With the COVID-19 outbreak, the American Dental Association has recommended that dentists concentrate on emergency dentistry procedures. The coronavirus responsible for the disease has been detected in the saliva of affected patients. Dental professionals generate aerosols during dental procedures and may end up providing dental care unknowingly to infected but asymptomatic and yet-to-be-diagnosed patients. It…
Tips to Prevent Baby Bottle Tooth Decay
If you are a new mom or dad, you may have heard of, "baby bottle tooth decay." This is a scary-sounding and often misleading term, and the first thing that usually comes to mind is the idea that bottles are somehow causing tooth decay for your baby! Even worse, this idea seems reasonable because it mostly happens in your child's front teeth, giving the appearance that the bottle caused the problem.
What is baby bottle tooth decay?
Sometimes also called cavities or caries, tooth decay is the destruction of the outer enamel of the tooth. An opening in the enamel exposes the pulp of the inner teeth to bacteria, temperature and injury. A few factors contribute to baby bottle tooth decay in infants:
Avoid sugary drinks like juice and milk for your infant. A bottle tends to sit in the same spot for a long period of time, and this increases the risk of bacteria growing around that location. The bottle will act as a "food reservoir" for not just your infant, but bacteria as well.
Sharing of saliva
Sharing a spoon with your baby is riskier than you might think. You have built more immunity to the bacteria in your mouth than your baby has, because you have had more time to do so, and you may be passing along germs that can cause cavities in their teeth.
Improper dental hygiene
Your infant's teeth should be brushed twice a day with a soft-bristle, small-head toothbrush. Do not apply too much pressure, as the tissue in your toddler's mouth is not fully grown and is more sensitive than that of an adult.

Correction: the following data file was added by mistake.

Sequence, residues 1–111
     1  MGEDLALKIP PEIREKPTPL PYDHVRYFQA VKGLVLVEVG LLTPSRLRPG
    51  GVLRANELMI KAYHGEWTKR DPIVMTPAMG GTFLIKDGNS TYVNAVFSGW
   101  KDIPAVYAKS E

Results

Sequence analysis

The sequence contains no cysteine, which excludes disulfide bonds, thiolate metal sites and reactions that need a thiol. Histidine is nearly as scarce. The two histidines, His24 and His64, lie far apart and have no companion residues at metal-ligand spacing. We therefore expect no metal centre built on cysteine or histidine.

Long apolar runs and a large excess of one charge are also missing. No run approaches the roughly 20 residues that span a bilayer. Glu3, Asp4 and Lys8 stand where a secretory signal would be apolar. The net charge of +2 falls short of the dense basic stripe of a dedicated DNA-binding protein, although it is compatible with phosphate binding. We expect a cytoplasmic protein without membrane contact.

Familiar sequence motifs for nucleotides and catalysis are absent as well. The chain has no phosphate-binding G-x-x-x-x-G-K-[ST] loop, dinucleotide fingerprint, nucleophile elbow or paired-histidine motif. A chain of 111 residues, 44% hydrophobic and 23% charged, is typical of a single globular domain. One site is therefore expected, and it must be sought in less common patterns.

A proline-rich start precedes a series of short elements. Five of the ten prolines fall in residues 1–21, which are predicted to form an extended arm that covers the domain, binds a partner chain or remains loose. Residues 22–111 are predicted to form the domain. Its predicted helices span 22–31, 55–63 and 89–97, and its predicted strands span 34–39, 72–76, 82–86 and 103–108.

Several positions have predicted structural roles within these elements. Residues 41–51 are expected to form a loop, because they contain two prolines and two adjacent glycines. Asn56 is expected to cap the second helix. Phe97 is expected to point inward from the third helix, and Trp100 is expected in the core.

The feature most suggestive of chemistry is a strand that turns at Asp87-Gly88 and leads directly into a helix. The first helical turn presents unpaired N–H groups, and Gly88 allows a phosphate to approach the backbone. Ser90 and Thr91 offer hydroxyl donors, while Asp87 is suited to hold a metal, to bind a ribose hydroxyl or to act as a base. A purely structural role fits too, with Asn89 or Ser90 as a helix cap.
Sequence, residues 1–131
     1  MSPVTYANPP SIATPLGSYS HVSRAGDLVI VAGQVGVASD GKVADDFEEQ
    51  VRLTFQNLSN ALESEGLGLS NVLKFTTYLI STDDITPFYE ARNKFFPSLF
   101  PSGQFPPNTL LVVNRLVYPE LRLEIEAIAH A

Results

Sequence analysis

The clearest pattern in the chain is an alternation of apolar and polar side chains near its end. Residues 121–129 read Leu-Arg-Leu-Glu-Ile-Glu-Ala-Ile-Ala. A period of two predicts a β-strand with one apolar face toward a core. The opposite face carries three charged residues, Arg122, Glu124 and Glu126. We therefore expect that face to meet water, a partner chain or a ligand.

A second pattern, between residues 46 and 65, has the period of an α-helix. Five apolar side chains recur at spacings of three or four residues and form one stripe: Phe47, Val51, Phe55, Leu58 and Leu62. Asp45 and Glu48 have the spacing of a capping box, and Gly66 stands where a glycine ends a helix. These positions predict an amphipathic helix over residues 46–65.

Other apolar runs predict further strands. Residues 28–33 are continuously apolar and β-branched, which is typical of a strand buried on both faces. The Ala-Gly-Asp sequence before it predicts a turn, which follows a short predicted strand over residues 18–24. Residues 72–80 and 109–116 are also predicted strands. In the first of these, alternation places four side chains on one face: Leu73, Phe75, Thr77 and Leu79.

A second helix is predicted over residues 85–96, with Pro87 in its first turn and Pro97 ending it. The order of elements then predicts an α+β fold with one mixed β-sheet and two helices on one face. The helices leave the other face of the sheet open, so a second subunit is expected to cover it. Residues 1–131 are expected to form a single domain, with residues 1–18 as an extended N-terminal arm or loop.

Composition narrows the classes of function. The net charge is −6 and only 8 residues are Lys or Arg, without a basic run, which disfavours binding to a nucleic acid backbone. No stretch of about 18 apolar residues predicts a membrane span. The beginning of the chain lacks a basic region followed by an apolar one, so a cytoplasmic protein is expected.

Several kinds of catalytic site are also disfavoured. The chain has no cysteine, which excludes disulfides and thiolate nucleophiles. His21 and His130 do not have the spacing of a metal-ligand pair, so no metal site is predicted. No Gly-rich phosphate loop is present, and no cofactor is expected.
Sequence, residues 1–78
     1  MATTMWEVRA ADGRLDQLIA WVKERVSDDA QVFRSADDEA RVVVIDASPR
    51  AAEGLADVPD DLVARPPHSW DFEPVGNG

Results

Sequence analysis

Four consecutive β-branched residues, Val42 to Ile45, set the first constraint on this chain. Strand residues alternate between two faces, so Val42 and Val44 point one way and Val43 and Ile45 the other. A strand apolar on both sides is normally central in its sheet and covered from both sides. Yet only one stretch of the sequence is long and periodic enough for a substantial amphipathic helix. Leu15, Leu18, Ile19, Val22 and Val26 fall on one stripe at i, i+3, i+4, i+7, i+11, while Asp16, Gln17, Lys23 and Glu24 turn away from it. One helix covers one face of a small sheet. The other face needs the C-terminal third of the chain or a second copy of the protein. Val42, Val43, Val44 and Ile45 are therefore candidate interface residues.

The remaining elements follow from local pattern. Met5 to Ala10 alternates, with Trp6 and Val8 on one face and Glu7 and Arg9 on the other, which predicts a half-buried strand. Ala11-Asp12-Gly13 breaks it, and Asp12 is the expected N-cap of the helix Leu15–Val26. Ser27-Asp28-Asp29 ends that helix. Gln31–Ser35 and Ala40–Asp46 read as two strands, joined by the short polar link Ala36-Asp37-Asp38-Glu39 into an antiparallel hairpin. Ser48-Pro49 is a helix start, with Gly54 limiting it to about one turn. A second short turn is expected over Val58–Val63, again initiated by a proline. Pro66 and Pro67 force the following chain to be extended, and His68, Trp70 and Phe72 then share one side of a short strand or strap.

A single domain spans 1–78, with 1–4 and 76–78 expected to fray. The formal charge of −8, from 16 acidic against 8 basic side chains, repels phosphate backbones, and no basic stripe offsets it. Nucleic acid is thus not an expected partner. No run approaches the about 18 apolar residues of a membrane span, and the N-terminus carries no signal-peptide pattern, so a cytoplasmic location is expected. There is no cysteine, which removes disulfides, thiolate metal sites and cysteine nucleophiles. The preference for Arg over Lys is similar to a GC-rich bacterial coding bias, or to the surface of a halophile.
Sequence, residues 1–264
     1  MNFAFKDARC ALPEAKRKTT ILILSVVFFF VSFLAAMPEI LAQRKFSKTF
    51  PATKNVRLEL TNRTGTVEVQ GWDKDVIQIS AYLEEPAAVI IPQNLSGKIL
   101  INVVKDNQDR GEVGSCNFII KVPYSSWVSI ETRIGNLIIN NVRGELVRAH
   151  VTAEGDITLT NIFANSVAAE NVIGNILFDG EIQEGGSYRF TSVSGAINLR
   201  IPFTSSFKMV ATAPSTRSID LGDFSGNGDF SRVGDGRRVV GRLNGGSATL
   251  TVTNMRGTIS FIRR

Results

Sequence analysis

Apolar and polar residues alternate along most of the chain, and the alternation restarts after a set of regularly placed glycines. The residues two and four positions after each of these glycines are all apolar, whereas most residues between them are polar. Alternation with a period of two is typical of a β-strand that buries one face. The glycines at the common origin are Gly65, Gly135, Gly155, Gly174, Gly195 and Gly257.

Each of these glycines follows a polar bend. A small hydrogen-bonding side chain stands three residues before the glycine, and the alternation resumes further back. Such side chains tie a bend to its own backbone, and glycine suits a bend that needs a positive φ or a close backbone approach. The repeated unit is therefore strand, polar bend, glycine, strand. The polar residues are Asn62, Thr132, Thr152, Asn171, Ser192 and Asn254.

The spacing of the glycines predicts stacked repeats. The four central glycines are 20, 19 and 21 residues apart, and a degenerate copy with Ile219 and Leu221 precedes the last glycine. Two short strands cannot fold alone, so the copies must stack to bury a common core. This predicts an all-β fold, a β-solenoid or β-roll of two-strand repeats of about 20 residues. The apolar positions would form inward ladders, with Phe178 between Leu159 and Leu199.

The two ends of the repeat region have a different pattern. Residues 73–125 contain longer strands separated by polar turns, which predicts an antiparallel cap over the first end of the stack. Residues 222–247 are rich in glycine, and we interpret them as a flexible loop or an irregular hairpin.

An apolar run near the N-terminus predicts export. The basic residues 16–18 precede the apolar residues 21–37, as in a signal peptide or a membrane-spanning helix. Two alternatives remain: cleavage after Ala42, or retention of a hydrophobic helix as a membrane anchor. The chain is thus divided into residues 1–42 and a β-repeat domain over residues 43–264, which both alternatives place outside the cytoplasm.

Pacifiers are a great reservoir for bacteria to grow. Make sure to clean them regularly before returning it to your infant.
Bottle with pacifier
This happens when your baby is put to bed with a bottle. The bottle can sit in the mouth of your baby, giving bacteria a chance to grow. Additionally, they do not produce as much saliva at night, giving the bacteria a better environment for growth.
How to treat or prevent baby bottle tooth decay
The tips here are similar to how you would take care of your own teeth, so they should be easy to remember!
Wipe the gums of your infant with a clean gauze pad after every feeding. This should remove most of the bacteria that are trying to get a foothold.
When your baby's first tooth comes in, you will want to use water instead of toothpaste. Follow your dentist's recommendation on when you should start using toothpaste.
For the best dental care for your child, schedule a visit to a pediatric dentist before their first birthday. A pediatric dentist attends four years of dental school, followed by a two-year pediatric dental residency program. During this extra training, they learn techniques specialized to the different age groups listed above, as well as how to use specialized equipment.
Check out what others are saying about our services on Yelp: Read our Yelp reviews.
You can still get emergency dentistry services during the coronavirus. However, it is better to prevent an urgent oral health issue from happening in the first place. This will allow an emergency dentist to help those who most need it. Keep reading to learn a few ways you can avoid a dental emergency.Many recreational facilities,…
Teeth whitening treatments effectively eliminate most types of stains and discoloration, but they are not the right solution for everyone. People with stains caused by tetracycline antibiotics, tooth decay or fluorosis do not respond well to whitening treatments. Covering such stains up with dental cosmetics like composite bonding, veneers and crowns can be a better…
Due to the coronavirus disease (COVID-19), the American Dental Association has released guidelines for dental practitioners across the country. As of March 16, 2020, it is recommended that dentists delay all nonessential treatment and perform emergency procedures only. This is to help reduce the risk of patients coming in contact with the virus in a…